Kate thought, for the hundredth time, that seemed a very stupid thing to say. She had been working at the zoo for over 5 years and all children seemed to say the same thing. She stopped looking out the window from the cage and went to the back. The intercom was located back there, and she picked it up. The zoo is closing now for the day. Please exit as soon as possible, as the animals want to get some sleep.
Male apes are natural sexual harassers
BBC - Earth - Do bonobos really spend all their time having sex?
And yet for all that, she kept making the same mistake she had cautioned her readers against in saying certain animals feel joy, for example, or they consider their owners to be parents. The fact that even someone primed to be wary of anthropomorphizing remains liable to fall into its trap bespeaks just how difficult it is to view other creatures purely on their terms rather than our own. Deliberately and unconsciously, in jest and in earnest, we constantly map narratives about ourselves onto non-human animals—including narratives about love, sex, reproduction, and childrearing. Our desire to project onto other species our own thoughts about what and how a person should be in the world—how gender should be performed, what form a family should take, and what forms of sexuality are permissible—takes on a particular urgency in the case of zoos.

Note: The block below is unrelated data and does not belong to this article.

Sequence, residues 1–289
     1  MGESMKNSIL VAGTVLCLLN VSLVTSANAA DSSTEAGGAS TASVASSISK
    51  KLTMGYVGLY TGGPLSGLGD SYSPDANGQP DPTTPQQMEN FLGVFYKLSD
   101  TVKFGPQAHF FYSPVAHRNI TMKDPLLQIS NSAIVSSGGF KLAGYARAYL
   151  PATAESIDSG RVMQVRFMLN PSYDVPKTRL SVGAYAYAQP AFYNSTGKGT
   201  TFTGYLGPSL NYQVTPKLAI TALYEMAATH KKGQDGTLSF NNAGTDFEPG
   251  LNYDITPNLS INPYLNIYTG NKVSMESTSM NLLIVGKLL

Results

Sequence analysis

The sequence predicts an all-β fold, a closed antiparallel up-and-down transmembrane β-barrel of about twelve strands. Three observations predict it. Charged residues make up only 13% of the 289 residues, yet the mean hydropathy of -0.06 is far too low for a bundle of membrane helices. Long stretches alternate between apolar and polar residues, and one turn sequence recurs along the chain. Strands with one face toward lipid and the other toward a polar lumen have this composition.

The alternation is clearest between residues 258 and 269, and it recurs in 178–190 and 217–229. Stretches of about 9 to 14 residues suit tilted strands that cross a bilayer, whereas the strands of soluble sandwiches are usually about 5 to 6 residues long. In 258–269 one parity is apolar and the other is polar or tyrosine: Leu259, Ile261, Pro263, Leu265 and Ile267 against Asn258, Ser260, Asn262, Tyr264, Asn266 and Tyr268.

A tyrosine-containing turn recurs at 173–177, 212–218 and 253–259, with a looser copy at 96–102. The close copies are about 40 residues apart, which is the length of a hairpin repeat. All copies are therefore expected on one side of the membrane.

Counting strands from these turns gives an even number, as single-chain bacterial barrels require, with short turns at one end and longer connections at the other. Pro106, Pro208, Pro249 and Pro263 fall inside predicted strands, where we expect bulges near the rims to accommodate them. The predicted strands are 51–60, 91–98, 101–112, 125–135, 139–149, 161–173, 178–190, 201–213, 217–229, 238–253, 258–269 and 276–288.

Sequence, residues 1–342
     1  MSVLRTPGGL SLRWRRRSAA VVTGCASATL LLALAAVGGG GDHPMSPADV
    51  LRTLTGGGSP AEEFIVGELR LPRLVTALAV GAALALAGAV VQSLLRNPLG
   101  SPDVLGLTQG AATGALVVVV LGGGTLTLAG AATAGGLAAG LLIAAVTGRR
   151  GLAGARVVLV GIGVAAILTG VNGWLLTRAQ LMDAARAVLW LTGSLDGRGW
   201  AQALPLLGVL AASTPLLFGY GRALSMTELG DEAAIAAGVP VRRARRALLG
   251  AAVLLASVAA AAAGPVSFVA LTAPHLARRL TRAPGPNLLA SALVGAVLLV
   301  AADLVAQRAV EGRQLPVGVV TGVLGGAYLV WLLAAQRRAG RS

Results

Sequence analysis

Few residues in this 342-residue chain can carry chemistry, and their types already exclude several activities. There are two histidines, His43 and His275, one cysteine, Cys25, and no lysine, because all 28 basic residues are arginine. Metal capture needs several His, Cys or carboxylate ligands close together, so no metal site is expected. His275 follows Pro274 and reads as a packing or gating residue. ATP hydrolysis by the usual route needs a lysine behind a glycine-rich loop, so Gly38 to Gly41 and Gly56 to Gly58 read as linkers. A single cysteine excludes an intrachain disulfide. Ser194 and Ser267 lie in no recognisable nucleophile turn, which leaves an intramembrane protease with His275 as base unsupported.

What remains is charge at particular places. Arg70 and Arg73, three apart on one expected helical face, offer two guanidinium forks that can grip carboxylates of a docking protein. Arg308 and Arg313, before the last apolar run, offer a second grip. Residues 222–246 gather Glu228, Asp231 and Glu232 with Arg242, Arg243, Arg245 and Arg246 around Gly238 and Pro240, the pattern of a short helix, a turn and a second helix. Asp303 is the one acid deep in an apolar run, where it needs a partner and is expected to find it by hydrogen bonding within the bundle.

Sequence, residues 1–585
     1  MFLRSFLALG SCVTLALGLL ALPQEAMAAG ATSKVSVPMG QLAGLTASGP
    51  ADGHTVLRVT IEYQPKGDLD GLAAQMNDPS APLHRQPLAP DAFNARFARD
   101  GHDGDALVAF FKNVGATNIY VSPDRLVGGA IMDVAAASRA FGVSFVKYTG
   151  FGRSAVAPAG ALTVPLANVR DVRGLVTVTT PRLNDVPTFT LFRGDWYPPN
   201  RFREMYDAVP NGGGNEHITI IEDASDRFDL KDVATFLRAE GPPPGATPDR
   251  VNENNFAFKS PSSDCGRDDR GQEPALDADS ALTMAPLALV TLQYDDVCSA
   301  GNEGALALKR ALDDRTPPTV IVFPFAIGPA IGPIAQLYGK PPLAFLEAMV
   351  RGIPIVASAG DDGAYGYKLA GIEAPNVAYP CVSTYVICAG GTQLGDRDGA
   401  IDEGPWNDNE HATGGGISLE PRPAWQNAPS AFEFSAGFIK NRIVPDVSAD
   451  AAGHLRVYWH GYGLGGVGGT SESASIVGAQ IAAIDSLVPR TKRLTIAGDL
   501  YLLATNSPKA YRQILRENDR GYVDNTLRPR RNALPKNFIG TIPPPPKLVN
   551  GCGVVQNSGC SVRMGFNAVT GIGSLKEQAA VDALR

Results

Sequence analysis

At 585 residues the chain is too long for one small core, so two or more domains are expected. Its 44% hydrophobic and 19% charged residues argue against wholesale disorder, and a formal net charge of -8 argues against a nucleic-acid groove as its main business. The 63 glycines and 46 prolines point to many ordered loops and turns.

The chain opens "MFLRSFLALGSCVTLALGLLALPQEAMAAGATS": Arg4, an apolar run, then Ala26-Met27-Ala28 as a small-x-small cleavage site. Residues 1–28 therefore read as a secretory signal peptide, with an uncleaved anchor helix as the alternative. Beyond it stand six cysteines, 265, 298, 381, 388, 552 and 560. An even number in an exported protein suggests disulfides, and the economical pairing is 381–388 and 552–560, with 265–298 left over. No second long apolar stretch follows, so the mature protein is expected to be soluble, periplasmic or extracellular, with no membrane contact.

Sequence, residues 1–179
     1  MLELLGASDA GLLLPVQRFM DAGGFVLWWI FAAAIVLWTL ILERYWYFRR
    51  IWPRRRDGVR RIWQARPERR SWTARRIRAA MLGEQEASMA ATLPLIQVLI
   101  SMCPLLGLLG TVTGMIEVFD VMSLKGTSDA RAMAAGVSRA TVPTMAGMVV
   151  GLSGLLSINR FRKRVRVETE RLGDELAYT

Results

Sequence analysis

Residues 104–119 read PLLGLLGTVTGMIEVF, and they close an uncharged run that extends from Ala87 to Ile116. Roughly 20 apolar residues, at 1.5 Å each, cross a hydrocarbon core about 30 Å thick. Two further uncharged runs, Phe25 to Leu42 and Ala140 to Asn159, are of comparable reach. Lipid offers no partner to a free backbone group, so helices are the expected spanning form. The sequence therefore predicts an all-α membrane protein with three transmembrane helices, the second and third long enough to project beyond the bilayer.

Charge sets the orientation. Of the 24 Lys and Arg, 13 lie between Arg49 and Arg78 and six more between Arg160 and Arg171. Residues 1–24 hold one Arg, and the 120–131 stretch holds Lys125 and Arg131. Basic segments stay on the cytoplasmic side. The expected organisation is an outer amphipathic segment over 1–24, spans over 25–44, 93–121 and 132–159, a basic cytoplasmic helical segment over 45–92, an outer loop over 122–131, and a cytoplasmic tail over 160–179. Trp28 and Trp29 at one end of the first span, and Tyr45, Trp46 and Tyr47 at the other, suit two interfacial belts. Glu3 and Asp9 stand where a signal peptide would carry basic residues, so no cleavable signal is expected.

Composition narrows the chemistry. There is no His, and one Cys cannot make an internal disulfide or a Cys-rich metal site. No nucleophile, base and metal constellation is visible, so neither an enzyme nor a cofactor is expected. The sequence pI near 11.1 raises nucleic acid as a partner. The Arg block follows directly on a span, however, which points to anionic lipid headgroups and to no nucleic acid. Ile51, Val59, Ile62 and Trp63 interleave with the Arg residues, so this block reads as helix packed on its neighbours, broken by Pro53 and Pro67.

Gorillas in the missionary position
These apes supposedly have inordinate amounts of sex and never fight. Can this appealing story really be true? Reputation: Bonobos are miniature, sharing, caring chimps, living in hippie communes with no aggression and lots of sex. Reality: Not really. Bonobos are roughly the same size as chimps, can be aggressive and use sex in very specific contexts.
This page has been archived and is no longer updated. Published online 14 February Nature doi Katharine Sanderson. Western gorillas Gorilla gorilla copulating in the wild have only ever been seen facing the same way as each other, front to back. This type of behaviour has only ever been seen in the wild in the bonobo Pan paniscus , as well as a single, brief, unphotographed observation in mountain gorillas G.